In this article, the author explores open questions about Generative Adversarial Networks, a largely mysterious class of models. The author points to research directions in the subfield of GANs that are exciting according to the Google Brain team.

Given a distribution, what can we say about how hard it will be for a GAN to model that distribution?

  • Perform computations on dataset to find, e.g. easy for a GAN, hard for a VAE
  • What do we mean by ‘model the distribution’? Are we satisfied with a low-support representation, or do we want a true density model?
  • Are there distributions that a GAN can never learn to model?
  • Are there distributions that are learnable for a GAN in principle, but are not efficiently learnable?

Suggestions for solutions:

  • Synthetic Datasets allows for systematic study
  • Modify Existing Theoretical Results. (Try to apply unimodal resuts to multi-modal)

How can GANs be made to perform well on non-image data?

  • Text (discrete data). GAN results are not competitive with likelihood-based.
  • Graphs (structured data).
  • Audio. Promising, but no results as impressive as for images.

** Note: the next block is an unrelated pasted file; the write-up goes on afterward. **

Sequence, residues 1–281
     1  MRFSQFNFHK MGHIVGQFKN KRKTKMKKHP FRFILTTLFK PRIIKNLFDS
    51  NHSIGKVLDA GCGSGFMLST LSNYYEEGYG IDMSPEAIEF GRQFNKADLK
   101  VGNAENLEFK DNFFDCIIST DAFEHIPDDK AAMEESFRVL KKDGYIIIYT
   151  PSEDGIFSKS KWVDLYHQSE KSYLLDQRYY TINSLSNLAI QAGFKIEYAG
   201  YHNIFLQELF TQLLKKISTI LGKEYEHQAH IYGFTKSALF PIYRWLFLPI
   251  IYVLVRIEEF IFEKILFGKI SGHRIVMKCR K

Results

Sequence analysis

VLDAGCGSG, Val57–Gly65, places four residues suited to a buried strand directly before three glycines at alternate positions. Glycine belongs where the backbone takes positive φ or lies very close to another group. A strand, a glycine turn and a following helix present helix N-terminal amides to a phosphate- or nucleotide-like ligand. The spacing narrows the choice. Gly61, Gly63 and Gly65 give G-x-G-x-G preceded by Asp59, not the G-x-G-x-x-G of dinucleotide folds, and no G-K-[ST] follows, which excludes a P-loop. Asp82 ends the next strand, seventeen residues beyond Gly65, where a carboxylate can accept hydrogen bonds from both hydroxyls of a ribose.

Suggestions for solutions:

  • RL?
  • Fundamental research

How Should we Evaluate GANs and When Should we Use Them?

  • Evaluation
    • Many proposals, little consensus
    • Sample quality instead of sample diversity
  • When to use GANs?
    • Density model : No
    • Low support representation of target dataset : Yes
    • Perceptual flavor : Yes

How to evaluate on perceptual tasks:

  • “Gram-Schmidt procedure for critics” (PCA on the critic activations)
  • Evaluate on humans; try to predict human answers

Other interesting questions discussed

  • What is the Relationship Between GANs and Adversarial Examples?
  • What are the trade-offs between GANs and other generative models?
  • What can we Say About the Global Convergence of GAN Training?
  • How does GAN Training Scale with Batch Size?